Farmers more environmental than ten years ago (Media Release), 2006
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Farmers more environmental than ten years ago
Farmers are planting more trees for environmental reasons than they were a decade ago, according to Australian Bureau of Statistics (ABS) figures.
The upcoming Agricultural Census, to be conducted by the ABS next month, will help conservationists, foresters, farmers and policy makers determine strategies to ensure sustainable farming.
Results from previous Agricultural Censuses show that a decade ago farmers planted 18 million tree seedlings with close to half of them designated for timber or pulp production. The 2001 Agricultural Census found farmers planted 44.5 million trees with 20.6 million for natural resource management.
Gemma Van Halderen, head of the Australian Bureau of Statistics (ABS) Agriculture Program, said that, since 1998-99, more seedlings were being planted for environmental reasons than for timber or pulp production.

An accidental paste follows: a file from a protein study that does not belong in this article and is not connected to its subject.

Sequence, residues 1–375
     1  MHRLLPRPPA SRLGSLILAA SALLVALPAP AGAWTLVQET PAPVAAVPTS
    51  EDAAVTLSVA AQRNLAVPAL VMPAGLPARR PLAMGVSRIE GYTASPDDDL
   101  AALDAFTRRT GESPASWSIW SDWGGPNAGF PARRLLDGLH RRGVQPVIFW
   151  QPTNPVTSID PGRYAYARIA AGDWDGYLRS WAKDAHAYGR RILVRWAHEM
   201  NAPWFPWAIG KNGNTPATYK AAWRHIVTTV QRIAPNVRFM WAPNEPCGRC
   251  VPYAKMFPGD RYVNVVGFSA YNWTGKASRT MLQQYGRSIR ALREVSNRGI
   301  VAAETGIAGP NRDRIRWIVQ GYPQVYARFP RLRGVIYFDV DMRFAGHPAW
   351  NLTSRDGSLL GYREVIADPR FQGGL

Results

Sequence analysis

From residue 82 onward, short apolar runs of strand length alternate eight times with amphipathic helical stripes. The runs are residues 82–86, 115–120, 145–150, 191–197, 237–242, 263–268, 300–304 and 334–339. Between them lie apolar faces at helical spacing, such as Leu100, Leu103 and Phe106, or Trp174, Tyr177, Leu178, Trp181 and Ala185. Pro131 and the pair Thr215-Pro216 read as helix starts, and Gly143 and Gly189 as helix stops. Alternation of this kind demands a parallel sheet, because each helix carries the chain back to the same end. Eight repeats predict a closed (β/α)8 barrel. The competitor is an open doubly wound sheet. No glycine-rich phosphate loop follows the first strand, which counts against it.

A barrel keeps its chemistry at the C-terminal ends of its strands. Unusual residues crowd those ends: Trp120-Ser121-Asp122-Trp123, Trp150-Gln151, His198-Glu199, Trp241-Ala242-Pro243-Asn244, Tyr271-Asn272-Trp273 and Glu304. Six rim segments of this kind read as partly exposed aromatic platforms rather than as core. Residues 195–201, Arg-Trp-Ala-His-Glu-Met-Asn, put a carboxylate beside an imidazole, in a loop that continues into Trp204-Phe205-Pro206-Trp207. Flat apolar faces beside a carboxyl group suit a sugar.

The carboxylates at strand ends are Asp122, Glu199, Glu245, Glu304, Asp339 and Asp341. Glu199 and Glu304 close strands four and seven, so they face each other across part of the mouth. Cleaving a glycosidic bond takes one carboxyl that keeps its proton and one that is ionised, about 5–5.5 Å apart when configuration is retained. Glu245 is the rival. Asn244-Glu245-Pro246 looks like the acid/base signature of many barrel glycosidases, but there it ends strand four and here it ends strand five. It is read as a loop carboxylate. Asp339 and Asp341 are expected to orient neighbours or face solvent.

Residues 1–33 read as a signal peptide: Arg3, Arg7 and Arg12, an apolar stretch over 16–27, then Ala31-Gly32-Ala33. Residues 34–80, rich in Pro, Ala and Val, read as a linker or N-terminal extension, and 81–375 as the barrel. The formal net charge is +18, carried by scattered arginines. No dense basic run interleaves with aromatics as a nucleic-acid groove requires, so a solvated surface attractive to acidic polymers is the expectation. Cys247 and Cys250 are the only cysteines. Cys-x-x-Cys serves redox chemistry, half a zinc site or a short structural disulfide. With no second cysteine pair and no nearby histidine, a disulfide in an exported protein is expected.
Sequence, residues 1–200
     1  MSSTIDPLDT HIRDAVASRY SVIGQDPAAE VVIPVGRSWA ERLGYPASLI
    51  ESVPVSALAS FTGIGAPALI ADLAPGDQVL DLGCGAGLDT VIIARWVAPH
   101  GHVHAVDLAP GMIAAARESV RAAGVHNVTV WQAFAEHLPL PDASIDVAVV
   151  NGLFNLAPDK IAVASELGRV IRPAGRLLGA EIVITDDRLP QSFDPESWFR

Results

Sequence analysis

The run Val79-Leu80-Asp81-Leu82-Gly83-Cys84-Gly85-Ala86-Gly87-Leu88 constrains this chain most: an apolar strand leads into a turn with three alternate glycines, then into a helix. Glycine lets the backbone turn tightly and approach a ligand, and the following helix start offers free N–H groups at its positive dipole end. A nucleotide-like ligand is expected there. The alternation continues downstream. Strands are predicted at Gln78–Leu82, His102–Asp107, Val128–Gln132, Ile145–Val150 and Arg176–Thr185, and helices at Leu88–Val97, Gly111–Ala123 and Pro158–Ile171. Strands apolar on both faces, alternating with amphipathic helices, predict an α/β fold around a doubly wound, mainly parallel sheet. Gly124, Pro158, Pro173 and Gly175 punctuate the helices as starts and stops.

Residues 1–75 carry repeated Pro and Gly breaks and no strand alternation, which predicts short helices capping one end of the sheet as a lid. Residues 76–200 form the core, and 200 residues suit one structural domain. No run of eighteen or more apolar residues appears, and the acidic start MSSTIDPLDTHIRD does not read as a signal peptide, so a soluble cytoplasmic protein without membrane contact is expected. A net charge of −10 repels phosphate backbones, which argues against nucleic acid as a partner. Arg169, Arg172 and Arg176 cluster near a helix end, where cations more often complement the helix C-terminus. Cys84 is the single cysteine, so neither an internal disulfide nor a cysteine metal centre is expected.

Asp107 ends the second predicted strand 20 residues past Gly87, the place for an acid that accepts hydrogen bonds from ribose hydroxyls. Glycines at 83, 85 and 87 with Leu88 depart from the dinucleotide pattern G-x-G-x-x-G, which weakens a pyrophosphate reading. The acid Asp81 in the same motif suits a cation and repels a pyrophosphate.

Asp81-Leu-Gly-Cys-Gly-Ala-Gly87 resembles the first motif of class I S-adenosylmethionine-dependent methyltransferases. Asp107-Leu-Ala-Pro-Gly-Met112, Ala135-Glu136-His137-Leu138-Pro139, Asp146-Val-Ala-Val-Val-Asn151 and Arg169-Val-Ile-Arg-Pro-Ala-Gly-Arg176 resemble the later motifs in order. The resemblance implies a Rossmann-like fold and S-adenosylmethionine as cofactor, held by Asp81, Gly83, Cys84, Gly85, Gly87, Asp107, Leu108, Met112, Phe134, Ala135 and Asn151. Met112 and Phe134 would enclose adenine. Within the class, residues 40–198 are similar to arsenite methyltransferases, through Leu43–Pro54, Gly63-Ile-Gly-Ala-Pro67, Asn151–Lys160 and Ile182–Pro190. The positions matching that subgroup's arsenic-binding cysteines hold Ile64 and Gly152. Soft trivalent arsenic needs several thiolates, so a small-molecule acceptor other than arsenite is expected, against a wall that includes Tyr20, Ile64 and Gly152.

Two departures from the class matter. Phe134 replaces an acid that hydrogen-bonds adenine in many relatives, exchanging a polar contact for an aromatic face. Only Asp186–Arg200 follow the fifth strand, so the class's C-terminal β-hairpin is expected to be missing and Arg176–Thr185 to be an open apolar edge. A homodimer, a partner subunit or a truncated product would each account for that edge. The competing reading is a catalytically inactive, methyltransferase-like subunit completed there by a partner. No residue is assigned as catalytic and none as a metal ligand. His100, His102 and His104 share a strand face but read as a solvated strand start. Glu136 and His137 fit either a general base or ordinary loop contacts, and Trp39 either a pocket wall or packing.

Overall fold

"On average, farmers are planting about 150 seedlings a year for conservation purposes and about 100 seedlings a year for timber," Gemma said.
With the 2005-06 Agricultural Census forms being posted to 190,000 farmers next month, it will be interesting to see if this trend of planting trees for conservation purposes continues," she said.
"Information from the Agricultural Census is vital to understanding the progress and future prospects of all agricultural industries and their products, as well as their farm practices. It is a once in five year opportunity for farmers to contribute to information about their sector."
Initial results from next month's Agricultural Census are expected in early 2007.
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